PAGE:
With Macbeth, Welle’s desire to subordinate the performances to the production’s overall concept was actually helpful, since his cast contained only four professional actors. The Federal Theater Project, it should be remembered, was a relief organization whose primary mission was to put people to work; Hallie Flanagan’s stated goal was to spend 90 percent of the FTP budget on salaries. Although she also decreed that only those who had previously made their living in the theater could be hired, in practice this conflicted with the bureaucratic requirement that 90 percent of the employees be taken from the relief rolls. Of the 750 people in the Black Unit, most had done only occasional work as extras or chorus dancers; barely 150 were real professionals, and they included elocutionists and African drummers as well as experienced actors.
At least the African drummers – a Sierra Leonean group headed by a genuine witch doctor – could be put to good use in Macbeth. For his murderous thane, Welles chose Jack Carter, who had made a sensation as Crown in Porgy but was also known as difficult and dangerous drunk. Balancing him as Lady Macbeth was Edna Thomas, a seasoned pro from the Lafayette Players who had also worked on Broadway. She had performed only one minor Shakespearean role, Carter none, but the actor cast as Hecate – Eric Burroughs, a graduate of London’s Royal Academy of Dramatic Art – presumably had some background in speaking verse. Canada Lee as a cigarette – smoking Banquo completed the production’s professional acting roster.
Rehearsals began with a good deal of tension in the air. The Harlem community was not at all sure what it thought of “Shakespeare in blackface” directed by a white man. Some African-Americans feared the production would make their race look ridiculous. One local zealot, convinced that Macbeth’s director was deliberately creating a travesty to humiliate blacks, attacked Welles with a razor in the Lafayette Theater lobby, apparently without hurting him. Within the FTP, a memo complained that Macbeth was consuming a disproportionate percentage of the Black Unit’s budget and staff time – a comment that seemed borne out by the elaborate costumes and vivid sets taking shape in Nat Karson’s designs. (In fact the scenic budget was a mere $2,000, low even in the ’30s, though generous by the standards of the FTP.)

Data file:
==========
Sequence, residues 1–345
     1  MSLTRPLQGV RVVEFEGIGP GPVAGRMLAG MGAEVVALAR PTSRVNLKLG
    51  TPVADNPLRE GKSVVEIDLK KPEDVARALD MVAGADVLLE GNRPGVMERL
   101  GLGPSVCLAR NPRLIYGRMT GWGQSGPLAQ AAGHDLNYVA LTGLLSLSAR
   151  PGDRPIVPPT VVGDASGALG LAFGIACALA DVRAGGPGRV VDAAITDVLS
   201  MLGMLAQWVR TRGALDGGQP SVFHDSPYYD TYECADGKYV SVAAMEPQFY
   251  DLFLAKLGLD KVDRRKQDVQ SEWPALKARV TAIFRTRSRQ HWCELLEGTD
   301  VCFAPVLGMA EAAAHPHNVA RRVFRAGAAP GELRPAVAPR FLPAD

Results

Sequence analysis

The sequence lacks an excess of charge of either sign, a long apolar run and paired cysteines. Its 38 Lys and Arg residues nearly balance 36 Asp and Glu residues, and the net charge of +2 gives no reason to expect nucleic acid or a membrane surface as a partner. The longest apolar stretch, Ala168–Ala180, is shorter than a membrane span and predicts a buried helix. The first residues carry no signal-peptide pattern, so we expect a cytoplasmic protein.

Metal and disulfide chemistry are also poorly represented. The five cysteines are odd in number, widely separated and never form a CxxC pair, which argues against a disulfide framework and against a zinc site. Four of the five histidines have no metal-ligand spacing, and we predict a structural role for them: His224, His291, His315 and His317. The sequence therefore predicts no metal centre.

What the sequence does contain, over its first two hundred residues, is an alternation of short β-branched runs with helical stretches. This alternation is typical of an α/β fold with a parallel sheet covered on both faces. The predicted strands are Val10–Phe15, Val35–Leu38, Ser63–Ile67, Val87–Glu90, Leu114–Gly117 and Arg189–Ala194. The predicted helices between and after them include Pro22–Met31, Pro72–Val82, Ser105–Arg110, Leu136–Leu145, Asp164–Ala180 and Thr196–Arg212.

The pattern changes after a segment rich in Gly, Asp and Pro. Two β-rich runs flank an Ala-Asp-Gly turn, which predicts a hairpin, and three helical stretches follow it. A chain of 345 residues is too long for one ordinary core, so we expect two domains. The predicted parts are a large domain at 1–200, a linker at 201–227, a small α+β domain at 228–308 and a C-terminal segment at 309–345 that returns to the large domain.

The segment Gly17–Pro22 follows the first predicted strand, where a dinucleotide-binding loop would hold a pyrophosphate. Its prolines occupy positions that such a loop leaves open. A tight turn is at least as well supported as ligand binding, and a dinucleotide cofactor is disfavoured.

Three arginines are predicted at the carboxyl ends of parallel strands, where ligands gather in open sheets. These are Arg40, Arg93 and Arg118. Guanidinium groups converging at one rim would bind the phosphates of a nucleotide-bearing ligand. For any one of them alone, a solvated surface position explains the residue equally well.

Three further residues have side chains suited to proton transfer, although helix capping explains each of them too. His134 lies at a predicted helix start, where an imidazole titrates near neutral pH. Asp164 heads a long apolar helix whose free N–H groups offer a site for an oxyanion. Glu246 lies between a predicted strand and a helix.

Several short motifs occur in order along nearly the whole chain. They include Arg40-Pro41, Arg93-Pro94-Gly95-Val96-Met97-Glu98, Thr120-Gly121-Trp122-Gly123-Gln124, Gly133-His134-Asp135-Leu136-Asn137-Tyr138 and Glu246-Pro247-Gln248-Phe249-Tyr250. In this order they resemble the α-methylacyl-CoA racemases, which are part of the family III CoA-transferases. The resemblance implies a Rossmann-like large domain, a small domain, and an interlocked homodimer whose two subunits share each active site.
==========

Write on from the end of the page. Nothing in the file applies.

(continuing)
The director responded to these pressures by creating a sense of community among his actors. He brought food and drink to rehearsals, paid for out of his earnings from radio work. That work kept him busy in the evenings, so the company assembled after midnight and rehearsed in nocturnal isolation, which also helped draw them together. Welles knew he had to establish his authority with a cast that quite possibly harbored doubts about his ability and intentions. He quickly won over Edna Thomas, respected by the others for her professionalism and dignity, by treating her with delicate consideration and respect. With the turbulent Jack Carter, he created a camaraderie of hell-raising, joining the actor after rehearsals ended at dawn to prowl through Harlem’s nightspots.
Rehearsals were often chaotic; a friend of Nat Karson’s attended one and found “absolute pandemonium, with Welles barking orders over the amplification system.” The director was volatile and caustic: “Jesus Christ, Jack – learn your lines!” and “What the hell happened to the Virgil Thomson sound effects between acts?” were among the exasperated comments found in his notes. Hallie Flanagan recalled later that “our Black company … were always … threatening to murder Orson in spite of their admiration for him.” But they were confident that the director’s outbursts weren’t racially motivated; he reserved his most venomous criticisms for the white lighting designer, Abe Feder. Welles knew how to get results from people, Houseman observed: “He had a shrewd instinctive sense of when to bully or charm, when to be kind or savage – and he was seldom mistaken.”
As the production took shape during technical run-throughs, it became clear that Welles had fashioned a dynamic, dazzlingly theatrical version of Macbeth that both compensated for his performers’ weaknesses and took advantage of their strengths. The actors spoke Shakespeare’s verse in a simple, unstudied manner perfectly suited to the production’s ferociously direct style. Their untrained voices were supported and given added impressiveness during the most important speeches by Welles’s use of drums, percussion and sound effects as underscoring.
The witches’ scenes were truly menacing, with the costumes, jungle backdrops and authentic voodoo drumming and chants creating a convincingly supernatural atmosphere. Garry Wills argues in Witches and Jesuits, his provocative book on Macbeth, that most psychologically oriented modern productions have failed to provide the coherent spiritual framework essential to making Macbeth’s downfall understandable; Welles seemed instinctively to grasp that voodoo would substitute nicely for the Elizabethans’ belief in witches as servants of the devil. The total effect was of a violent universe ruled by evil. Rewritten by Welles, the ending no longer suggested reconciliation and rebirth; instead, Malcolm seemed likely to be the witches’ next victim. Though Welle’s interpretation was not overtly political, this nightmare vision had obvious resonance in a world menaced by fascism and the threat of world war.